Documentary shows how young Jews brought Budapest shtiebel back to life
Key leader of Teleki Square Synagogue revitalization who worked on film visits Dayton for screening at Neon
By Marshall Weiss, The Dayton Jewish Observer
Over nearly two decades, András Mayer and his brother, Gábor, have led the rebirth and restoration of the Teleki Square Synagogue, Budapest’s last shtiebel (little Jewish prayer house), which somehow escaped Nazi and Communist destruction.
András will bring a documentary to Dayton about the synagogue, Tales of Teleki Square (2017), for a screening at The Neon, March 3. Filmed over several years, it shows how young hipster Jews brought the synagogue back to life, and features interviews with the last remaining Jews who recalled life there before the Holocaust.
Gábor produced the film, directed by Barbara Spitzer; András was the director’s assistant.
The brothers first joined the shtiebel’s prayer services in 1999 when Jakab Gláser, who ran the synagogue, recruited András. Gábor and some of their friends also started coming at that time, when “the congregation had shrunk to only a few old men who were getting even fewer,” according to András.
When Gláser died in 2006, the Mayers and their friends knew that without them, Budapest’s last shtiebel wouldn’t survive. They became its leaders.
Chabad Rabbi Sholom Hurwitz — who with his wife, Devorah Leah, arrived in Budapest a few years earlier to become head of the Pesti Yeshiva — began serving the Teleki Square Synagogue.
The Mayer brothers helped establish the Jakab Gláser Memorial Foundation, a non-governmental organization to support the needs of the Teleki Square Synagogue project. They also understood the importance of documenting the history of the Teleki Square Jewish community while there were still a few elderly Jews alive who could talk about life there before the Holocaust. This was the impetus for the documentary, Tales of Teleki Square, the first of three documentaries they hope to produce. In May 2017, it won the Best Documentary Award of the Eurasia International Monthly Film Festival.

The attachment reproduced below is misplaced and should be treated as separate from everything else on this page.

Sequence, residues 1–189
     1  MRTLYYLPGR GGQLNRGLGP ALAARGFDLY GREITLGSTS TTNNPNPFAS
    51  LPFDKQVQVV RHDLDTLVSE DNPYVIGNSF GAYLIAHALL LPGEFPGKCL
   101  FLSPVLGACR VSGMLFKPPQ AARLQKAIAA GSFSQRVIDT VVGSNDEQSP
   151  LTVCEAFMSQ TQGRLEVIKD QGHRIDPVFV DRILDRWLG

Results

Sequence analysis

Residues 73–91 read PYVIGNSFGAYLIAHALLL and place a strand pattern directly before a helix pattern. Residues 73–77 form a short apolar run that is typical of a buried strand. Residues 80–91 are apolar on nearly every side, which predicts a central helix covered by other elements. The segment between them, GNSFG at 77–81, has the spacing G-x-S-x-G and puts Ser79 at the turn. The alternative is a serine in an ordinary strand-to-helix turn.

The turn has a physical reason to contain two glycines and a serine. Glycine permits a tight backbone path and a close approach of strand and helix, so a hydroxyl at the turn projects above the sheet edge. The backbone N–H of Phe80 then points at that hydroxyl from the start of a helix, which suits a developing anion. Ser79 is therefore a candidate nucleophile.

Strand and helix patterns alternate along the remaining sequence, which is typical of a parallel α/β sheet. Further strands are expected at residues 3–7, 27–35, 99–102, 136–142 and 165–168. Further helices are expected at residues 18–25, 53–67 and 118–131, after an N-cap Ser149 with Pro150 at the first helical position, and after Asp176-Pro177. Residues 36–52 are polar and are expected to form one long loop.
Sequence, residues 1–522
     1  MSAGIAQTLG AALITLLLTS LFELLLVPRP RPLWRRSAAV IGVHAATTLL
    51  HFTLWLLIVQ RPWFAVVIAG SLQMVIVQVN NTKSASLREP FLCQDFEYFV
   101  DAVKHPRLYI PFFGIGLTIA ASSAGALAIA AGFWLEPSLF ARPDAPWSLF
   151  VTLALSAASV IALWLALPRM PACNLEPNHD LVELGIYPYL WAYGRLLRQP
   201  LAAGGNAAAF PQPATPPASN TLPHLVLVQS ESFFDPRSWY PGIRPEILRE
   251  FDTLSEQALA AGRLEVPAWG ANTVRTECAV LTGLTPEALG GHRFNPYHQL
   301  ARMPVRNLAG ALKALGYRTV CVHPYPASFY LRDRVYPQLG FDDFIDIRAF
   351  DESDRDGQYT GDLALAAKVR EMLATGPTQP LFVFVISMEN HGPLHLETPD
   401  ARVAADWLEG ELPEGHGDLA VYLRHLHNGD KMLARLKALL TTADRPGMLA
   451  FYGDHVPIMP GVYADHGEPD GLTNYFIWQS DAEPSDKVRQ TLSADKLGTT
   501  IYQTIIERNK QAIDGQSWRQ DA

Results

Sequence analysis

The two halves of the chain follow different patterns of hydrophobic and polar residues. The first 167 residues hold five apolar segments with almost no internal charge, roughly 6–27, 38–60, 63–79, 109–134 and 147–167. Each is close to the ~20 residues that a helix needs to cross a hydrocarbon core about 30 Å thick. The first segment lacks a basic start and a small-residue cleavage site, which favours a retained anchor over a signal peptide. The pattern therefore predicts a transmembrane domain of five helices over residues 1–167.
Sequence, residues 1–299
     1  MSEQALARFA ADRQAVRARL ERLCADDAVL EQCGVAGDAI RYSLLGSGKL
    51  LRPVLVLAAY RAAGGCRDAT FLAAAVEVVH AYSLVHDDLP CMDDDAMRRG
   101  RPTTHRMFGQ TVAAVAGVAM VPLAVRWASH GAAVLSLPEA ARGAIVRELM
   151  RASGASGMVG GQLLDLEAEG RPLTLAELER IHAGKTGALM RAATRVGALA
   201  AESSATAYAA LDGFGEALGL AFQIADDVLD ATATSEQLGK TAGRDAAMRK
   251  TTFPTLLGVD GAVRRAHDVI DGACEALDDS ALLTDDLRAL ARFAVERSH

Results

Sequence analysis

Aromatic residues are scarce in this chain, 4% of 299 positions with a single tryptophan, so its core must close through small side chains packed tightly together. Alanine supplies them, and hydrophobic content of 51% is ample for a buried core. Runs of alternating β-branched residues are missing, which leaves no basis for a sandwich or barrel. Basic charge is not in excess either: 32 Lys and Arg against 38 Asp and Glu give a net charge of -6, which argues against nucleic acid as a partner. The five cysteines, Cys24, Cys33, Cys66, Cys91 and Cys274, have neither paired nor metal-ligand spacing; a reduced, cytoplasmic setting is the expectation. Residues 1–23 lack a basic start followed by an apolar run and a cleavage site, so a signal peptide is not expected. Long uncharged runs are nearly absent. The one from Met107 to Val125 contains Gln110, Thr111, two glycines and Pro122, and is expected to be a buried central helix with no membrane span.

Its Dayton screening is presented by the JCC Film Fest and the Jewish Community Relations Council’s Partnership2Gether program. Dayton’s Jewish Federation — along with 15 other Jewish Federations in the United States — is partnered with the Jewish community of Budapest and the Western Galilee region in Israel. A program of the Jewish Agency for Israel, Partnership2Gether promotes global Jewish identity through people-to-people relationships.
“The Jewish community in Budapest is focused on young people,” said Marcy L. Paul, Dayton’s JCRC director, who oversees Partnership2Gether here. “Some older people in Budapest are disconnected from their Judaism, some don’t identify, and others look to the younger generation to build a connection.”
According to JTA, poor Jewish migrants began settling in the Teleki neighborhood in the 1850s. Most made a living selling items at the Teleki Square flea market. The Teleki Square Synagogue, at Teleki Square #22, according to the congregation’s history, was once known as the Chortkover Kloyz and was founded by Chasidim from Chartkov, Galicia (now in Ukraine), who arrived in Hungary in the 1920s after World War I.
These Chasidim were poor peddlers who also sold items at the flea market. Before the Holocaust, dozens of shtiebels served the approximately 30,000 Jews who lived around Teleki Square.
Pogroms in October 1944 destroyed several of the shtiebels. Some were around until the 1970s and 1980s; today, only the Teleki Square Synagogue remains, which now hosts hundreds of people with its programs and worship services.
“There’s a rebirth,” Paul said. “There’s a lot going on in this vibrant Jewish community.”
JCC Film Fest and Jewish Federation’s Jewish Community Relations Council present the documentary Tales of Teleki Square at 7:30 p.m., Tuesday, March 3 at The Neon, 130 E. 5th St., Dayton, followed by a discussion with András Mayer. Tickets are $9 and may be purchased at jewishdayton.org, by calling the Federation at 937-610-1555, or at the door.